Timing is everything, right? So what happens when time stops? Or when time speeds up? I’m beginning to wonder if time is a man-made function that is designed to keep track of productivity. Do you believe that the more productive you are, the more successful you are? Is it admirable to be the last man running on our 24/7 Hamster Wheel of Work? As you might imagine from my last post, my silent meditation retreat gave me a new perspective!
First of all, I thank you for the public and private support for my determination to head off into the wilderness and experience the sound of silence. In a word, it was fabulous. Over the new few weeks, I’ll share what I learned (too much for one post!) One thing became abundantly clear – I am driven by the clock, and I didn’t realize it until I was disconnected from the clock.
With little prelude, I’m going to drop you into the mid-morning meditation. Our instructor, Carol, removed four or five beginning mediation students from the rest of the group (I think there were about 25 of us) and took them into another part of the building (a Quaker meeting facility out in the deep woods outside of Chelsea, Michigan) to give them some basic mediation background and techniques. When she left, her parting words were, “I’ll be back in 30 minutes to let you know it’s time for the walking meditation.” (The class was a combination of silent sitting meditation and silent walking meditation in the wilderness).
I’ve been meditating for some years as part of my martial arts practice. 30 minutes isn’t easy, but I’ve done it before. I settled in, closed my eyes, and focused on the inhale and exhale of my breath. If you close your eyes right now, you will notice that there is no up, down, left, right, forward, backward – and there is no sense of time. Eventually, I began to feel tension in my stomach muscles which was making my breath shallow. I released those stomach muscles and felt a combination of weirdness and relief – those muscles had been tight for a long, long time (I probably sit with them tight all day long in front of my computer.) Then I realized that the same amount of tension was in my shoulders – also probably from sitting in front of my computer. I focused on both areas, reminding myself to relax, only to find a very short time later (how much time? 30 seconds? I don’t know.) they were tight again. Eventually, with enough reminding, enough breathing, enough letting go, they were relaxed. This felt great.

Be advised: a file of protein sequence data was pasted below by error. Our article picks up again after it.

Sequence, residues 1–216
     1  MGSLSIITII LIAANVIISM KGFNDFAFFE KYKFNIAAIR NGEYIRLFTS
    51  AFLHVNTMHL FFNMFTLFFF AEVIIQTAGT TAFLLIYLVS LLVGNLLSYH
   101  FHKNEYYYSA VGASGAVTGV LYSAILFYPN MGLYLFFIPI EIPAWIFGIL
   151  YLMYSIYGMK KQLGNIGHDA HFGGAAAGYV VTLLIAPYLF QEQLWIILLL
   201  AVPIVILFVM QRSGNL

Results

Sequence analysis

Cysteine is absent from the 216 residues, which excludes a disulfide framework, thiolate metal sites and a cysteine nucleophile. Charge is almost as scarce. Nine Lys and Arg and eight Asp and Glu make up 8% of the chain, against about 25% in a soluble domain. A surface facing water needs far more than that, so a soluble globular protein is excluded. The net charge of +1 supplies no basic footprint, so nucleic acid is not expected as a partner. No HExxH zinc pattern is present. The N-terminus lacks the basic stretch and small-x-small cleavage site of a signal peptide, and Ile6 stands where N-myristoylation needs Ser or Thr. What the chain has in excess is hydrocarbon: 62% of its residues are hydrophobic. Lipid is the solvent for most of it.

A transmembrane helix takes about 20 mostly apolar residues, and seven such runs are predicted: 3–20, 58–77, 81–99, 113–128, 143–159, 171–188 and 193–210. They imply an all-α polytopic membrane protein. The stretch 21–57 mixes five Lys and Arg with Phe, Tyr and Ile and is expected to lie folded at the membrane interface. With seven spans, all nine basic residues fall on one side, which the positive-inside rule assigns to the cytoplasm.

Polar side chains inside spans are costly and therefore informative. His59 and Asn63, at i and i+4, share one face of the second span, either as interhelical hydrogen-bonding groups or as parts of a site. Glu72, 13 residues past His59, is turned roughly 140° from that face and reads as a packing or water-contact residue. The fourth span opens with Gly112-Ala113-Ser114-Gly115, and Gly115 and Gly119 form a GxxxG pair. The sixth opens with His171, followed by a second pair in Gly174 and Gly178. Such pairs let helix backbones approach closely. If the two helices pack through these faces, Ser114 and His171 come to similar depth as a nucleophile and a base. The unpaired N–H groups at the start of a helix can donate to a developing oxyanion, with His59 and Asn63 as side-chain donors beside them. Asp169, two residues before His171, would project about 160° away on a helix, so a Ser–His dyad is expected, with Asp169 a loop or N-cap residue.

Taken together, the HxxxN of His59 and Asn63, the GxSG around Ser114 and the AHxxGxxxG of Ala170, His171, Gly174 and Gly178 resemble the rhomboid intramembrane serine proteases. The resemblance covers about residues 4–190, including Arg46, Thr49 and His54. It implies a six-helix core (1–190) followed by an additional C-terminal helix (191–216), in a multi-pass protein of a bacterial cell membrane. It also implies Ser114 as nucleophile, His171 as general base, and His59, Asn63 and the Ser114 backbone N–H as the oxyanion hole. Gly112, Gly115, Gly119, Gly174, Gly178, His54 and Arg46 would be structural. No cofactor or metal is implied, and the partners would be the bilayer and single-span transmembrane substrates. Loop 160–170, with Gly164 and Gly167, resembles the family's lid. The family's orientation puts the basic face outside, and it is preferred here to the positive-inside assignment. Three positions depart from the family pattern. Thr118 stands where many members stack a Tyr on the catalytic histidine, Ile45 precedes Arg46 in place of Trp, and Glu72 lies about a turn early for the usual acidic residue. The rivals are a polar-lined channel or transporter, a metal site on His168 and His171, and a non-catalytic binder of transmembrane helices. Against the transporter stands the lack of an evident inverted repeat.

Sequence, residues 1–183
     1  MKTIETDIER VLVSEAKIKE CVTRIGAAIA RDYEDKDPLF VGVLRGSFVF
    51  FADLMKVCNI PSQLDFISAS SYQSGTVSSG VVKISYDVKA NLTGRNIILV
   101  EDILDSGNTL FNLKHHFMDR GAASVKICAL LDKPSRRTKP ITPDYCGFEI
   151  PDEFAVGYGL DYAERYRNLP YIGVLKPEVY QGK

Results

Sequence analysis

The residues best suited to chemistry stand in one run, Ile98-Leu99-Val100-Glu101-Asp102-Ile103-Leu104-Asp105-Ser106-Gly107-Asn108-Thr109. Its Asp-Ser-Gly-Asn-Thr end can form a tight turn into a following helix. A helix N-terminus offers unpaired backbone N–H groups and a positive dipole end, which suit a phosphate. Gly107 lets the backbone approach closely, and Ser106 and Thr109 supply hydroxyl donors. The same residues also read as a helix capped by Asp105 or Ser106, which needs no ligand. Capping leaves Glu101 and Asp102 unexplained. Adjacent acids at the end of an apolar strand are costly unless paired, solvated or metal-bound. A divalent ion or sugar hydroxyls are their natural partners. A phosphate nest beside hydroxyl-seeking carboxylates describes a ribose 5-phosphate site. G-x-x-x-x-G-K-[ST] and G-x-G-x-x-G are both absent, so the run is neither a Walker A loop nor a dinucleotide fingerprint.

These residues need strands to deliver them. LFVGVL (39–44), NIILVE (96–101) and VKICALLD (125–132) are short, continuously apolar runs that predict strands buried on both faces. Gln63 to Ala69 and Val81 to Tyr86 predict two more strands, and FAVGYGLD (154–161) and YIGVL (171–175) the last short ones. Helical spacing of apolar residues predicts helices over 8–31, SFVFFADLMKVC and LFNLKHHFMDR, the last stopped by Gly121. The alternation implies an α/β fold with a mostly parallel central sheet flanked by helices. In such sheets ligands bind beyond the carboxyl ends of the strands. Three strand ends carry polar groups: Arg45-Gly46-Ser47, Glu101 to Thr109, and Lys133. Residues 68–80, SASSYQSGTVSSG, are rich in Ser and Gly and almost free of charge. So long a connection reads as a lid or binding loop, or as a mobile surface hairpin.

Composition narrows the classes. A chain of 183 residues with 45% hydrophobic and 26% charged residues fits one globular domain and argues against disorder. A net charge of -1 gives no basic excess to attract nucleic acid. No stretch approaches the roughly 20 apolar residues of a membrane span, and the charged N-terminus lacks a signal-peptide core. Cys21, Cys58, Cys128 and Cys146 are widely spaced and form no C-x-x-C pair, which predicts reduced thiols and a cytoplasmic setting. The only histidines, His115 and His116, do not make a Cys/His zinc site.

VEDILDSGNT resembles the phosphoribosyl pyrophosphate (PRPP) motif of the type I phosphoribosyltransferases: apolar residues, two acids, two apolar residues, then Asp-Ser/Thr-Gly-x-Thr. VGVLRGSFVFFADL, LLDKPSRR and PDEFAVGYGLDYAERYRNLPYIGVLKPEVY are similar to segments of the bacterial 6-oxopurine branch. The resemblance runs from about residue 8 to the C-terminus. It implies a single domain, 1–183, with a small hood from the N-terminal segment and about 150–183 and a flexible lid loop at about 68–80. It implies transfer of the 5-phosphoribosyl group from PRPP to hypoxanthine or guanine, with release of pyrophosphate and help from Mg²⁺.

I also began to wonder where Carol was. (If you’re wondering where Carol is, you are by definition, not meditating.) I told myself to let it go, who cares, relax, breathe… there was no clock and I didn’t have any idea how much time had passed. I felt a lovely wave of well-being fall over me as I sat there relaxed, breathing, and losing myself in the nothingness. I sat in that sense of well-being like one relaxes into a hot, silent bath.
When Carol arrived, I was sorry to stop. I had finally achieved what I wanted – quiet, soft, sweet well-being. Carol apologized – she had forgotten to tell us that it was time to do a walking meditation. I’ll never be sure, but I believe we sat in silence for 75 to 90 minutes. It seemed like forever and it seemed like 5 seconds. There was no sense of time… It had stopped.
Carol’s mistake was a huge gift to me, and was one of the highlights of my day. I’ll share more down the road (I’m running out of time as I write this at 6:27 am, which proves I’m back on the Hamster Wheel at least for this morning.)
I want to contrast my “time stood still” experience with something my brother, Matt Monte, created. Remember I talked about being up north in Michigan, in the Upper Peninsula, being in snow last fall? The image from my Wonderland post was shot there (I’ve included it again for today’s post). He lives right on Lake Superior and as such, has access to amazing views of the universe that most of us will only see in National Geographic.
He owns a communication company so he has fine video/photo equipment. He shot a time lapsed exposure over night and “got lucky” (luck happens when you show up) when the Northern Lights (Aurora Borealis) appeared. It’s a deliciously weird, dream-like montage of stars and galaxies and snow and clouds and green dancing light. Dusk to dawn in under 18 seconds. Time is truly flying by.
Click on this link: http://vimeo.com/90164737
Password is snowman.
Isn’t it marvelous?
18 seconds or 10 hours? 30 minutes or 90? Try sitting quietly for 5 minutes, eyes closed, while the voices in your head protest the time out. It will feel like an eternity (I know from experience.)
Whether time stands still or time flies, it’s all in your head. It’s worth exploring so that you control it, versus it controlling you. Gotta run!